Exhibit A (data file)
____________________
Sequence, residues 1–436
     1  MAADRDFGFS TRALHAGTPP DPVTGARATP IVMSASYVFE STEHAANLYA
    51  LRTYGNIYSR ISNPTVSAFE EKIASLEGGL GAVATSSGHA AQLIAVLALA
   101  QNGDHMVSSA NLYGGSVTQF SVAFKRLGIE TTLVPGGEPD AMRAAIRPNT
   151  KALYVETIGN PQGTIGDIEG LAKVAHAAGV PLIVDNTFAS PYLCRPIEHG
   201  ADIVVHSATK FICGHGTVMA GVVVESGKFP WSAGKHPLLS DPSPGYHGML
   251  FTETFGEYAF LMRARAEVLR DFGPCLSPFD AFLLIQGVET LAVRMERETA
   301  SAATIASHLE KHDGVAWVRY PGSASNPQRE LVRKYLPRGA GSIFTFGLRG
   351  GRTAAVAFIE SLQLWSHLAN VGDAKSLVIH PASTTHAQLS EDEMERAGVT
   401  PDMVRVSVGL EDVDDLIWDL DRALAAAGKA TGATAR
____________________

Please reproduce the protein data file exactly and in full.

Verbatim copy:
Sequence, residues 1–436
     1  MAADRDFGFS TRALHAGTPP DPVTGARATP IVMSASYVFE STEHAANLYA
    51  LRTYGNIYSR ISNPTVSAFE EKIASLEGGL GAVATSSGHA AQLIAVLALA
   101  QNGDHMVSSA NLYGGSVTQF SVAFKRLGIE TTLVPGGEPD AMRAAIRPNT
   151  KALYVETIGN PQGTIGDIEG LAKVAHAAGV PLIVDNTFAS PYLCRPIEHG
   201  ADIVVHSATK FICGHGTVMA GVVVESGKFP WSAGKHPLLS DPSPGYHGML
   251  FTETFGEYAF LMRARAEVLR DFGPCLSPFD AFLLIQGVET LAVRMERETA
   301  SAATIASHLE KHDGVAWVRY PGSASNPQRE LVRKYLPRGA GSIFTFGLRG
   351  GRTAAVAFIE SLQLWSHLAN VGDAKSLVIH PASTTHAQLS EDEMERAGVT
   401  PDMVRVSVGL EDVDDLIWDL DRALAAAGKA TGATAR